JULY 2015 - Big Brother is watching you
After yet another Budget with significant tax changes I was reflecting on one area that has not fundamentally changed. HMRC have always received tip offs whether from disgruntled ex employees or disgruntled ex spouses or even nosey neighbours. HMRC is now paying out record sums to informants reporting on people they suspect of underpaying tax.
Payments to HMRC informants totalled £605,000 over the last year (to March 31 2015), up from £402,000 the year before, and £395,000 in 2012/13. Around 100,000 calls were made to HMRC’s confidential telephone hotline over the last year.
The lure of a substantial financial reward means more members of the public will be tempted to come forward to the Revenue with their concerns about those perceived to be “on the fiddle”. Some of these may be true however a great number will just be spurious and an increasing number of innocent taxpayers are likely to face investigation as a result.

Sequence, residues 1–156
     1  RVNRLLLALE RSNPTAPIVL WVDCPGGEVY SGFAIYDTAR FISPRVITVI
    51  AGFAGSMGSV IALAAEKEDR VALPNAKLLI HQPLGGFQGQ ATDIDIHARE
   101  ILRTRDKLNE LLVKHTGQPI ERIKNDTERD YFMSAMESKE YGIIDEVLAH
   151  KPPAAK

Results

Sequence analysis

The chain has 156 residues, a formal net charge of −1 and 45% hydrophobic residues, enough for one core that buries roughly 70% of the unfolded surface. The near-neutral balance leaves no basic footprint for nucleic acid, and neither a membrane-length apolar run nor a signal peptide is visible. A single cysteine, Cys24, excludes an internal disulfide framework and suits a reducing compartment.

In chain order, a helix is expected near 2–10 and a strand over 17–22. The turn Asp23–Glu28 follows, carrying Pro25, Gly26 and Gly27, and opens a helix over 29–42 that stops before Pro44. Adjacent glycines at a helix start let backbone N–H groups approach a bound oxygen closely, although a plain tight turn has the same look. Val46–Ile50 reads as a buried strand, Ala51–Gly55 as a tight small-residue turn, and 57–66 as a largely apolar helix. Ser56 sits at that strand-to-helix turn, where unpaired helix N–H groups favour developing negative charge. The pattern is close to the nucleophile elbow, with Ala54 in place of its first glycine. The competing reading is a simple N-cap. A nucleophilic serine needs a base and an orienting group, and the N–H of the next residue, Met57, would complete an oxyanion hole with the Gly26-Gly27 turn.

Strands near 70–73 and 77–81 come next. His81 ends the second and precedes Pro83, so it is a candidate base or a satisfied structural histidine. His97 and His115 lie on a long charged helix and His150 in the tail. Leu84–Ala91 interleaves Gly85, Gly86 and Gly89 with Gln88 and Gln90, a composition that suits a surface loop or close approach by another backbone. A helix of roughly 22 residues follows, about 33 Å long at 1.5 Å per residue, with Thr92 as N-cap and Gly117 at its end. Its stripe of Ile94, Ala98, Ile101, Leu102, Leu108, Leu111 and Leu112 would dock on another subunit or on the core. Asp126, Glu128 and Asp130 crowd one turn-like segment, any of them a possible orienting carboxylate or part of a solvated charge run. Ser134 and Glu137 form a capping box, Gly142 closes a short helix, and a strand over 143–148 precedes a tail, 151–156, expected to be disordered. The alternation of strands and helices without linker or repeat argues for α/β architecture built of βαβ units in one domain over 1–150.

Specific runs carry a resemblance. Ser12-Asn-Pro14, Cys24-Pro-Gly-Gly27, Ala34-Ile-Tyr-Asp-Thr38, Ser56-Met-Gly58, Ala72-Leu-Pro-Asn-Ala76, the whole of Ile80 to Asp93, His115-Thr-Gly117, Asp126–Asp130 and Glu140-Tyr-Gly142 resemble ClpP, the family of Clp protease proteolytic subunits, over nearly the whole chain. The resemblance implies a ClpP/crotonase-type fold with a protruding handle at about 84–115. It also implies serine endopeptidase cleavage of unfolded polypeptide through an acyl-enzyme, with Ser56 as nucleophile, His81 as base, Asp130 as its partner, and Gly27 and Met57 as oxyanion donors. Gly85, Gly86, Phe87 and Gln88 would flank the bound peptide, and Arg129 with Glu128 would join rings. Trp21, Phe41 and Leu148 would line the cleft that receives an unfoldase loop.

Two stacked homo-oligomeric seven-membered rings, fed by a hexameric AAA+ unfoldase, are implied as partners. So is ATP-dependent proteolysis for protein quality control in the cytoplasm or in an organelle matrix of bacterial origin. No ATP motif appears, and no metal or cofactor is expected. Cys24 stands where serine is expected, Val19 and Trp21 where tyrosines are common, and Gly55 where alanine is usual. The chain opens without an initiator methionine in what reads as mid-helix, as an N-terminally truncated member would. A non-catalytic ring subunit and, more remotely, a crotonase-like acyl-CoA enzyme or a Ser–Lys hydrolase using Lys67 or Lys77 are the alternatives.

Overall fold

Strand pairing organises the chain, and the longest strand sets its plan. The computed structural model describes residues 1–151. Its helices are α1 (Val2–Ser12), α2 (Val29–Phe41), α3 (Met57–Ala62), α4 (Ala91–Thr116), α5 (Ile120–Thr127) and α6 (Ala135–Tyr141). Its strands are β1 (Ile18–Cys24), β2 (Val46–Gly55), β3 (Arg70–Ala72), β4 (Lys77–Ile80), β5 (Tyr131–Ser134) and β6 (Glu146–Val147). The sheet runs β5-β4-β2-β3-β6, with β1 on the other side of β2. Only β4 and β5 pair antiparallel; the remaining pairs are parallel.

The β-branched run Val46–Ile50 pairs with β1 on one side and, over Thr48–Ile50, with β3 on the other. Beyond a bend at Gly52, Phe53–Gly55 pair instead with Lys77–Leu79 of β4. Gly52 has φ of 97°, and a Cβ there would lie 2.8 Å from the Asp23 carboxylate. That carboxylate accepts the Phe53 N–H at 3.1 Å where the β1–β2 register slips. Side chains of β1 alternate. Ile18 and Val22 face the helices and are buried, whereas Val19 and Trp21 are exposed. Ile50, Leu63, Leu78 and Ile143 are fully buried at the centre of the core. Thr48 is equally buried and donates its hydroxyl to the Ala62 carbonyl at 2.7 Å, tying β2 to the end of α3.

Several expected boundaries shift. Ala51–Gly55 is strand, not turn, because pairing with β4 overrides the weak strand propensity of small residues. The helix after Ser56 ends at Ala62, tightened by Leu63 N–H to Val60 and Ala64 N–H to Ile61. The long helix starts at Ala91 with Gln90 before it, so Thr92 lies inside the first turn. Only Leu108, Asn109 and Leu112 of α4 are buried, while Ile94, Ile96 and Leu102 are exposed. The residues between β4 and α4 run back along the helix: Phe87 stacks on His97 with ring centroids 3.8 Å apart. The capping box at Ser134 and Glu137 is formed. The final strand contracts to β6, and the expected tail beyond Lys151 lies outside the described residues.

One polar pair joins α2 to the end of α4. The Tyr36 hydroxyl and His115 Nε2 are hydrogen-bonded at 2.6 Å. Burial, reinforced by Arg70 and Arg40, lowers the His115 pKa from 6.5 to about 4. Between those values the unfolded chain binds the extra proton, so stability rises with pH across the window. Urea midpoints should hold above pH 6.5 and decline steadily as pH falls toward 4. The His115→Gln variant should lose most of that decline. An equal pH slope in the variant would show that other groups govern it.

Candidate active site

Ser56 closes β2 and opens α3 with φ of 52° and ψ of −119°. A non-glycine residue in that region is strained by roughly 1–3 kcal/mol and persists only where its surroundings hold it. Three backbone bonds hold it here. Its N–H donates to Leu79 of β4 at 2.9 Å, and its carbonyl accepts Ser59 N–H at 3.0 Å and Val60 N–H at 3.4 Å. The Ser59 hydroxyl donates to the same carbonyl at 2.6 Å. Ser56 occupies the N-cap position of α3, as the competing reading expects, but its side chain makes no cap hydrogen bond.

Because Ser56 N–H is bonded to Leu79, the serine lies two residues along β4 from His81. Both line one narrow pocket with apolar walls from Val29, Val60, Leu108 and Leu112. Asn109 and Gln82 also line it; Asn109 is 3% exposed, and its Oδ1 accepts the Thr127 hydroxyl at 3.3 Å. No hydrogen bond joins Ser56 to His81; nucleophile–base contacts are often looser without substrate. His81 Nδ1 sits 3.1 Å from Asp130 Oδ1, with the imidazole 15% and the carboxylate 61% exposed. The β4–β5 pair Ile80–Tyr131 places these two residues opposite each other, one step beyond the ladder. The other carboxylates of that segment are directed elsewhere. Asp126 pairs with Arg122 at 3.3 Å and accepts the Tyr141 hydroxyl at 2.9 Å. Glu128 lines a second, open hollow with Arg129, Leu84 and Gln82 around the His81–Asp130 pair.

Recent tax evasion scandals mean that the Revenue is under increased pressure to follow-up leads and show that it has acted on all tip offs no matter the quality.
The extra money paid out indicates HMRC is clamping down on a much wider range of taxpayers. It is no longer just the really wealthy and those involved in traditional cash-in-hand businesses - rewards will be paid out for information on any taxpayer.
Following up informants’ reports will have been made easier by HMRC’s recent investment in technology. Its new multi-million pound database system, Connect, gathers real time data from multiple public and private sources to help identify where underpayment of tax may be an issue. Information is drawn from banks, local councils, legal aid data and even social media. Connect is a very powerful tool for HMRC.
Rather than having to scrutinise each tax return individually, the Connect database helps HMRC to zoom in on ‘outliers’ within a particular group. These are individuals or businesses reporting lower profits or incomes than their peers, or whose expenses seem unusually high.
Those of us working in the tax profession have long been aware of the information sources available to HMRC. Connect takes these to a greater level. Tax avoiders of all natures have really nowhere to hide. Even traditional tax havens are now sharing details with HMRC. At least those generally still have some decent weather to make them attractive!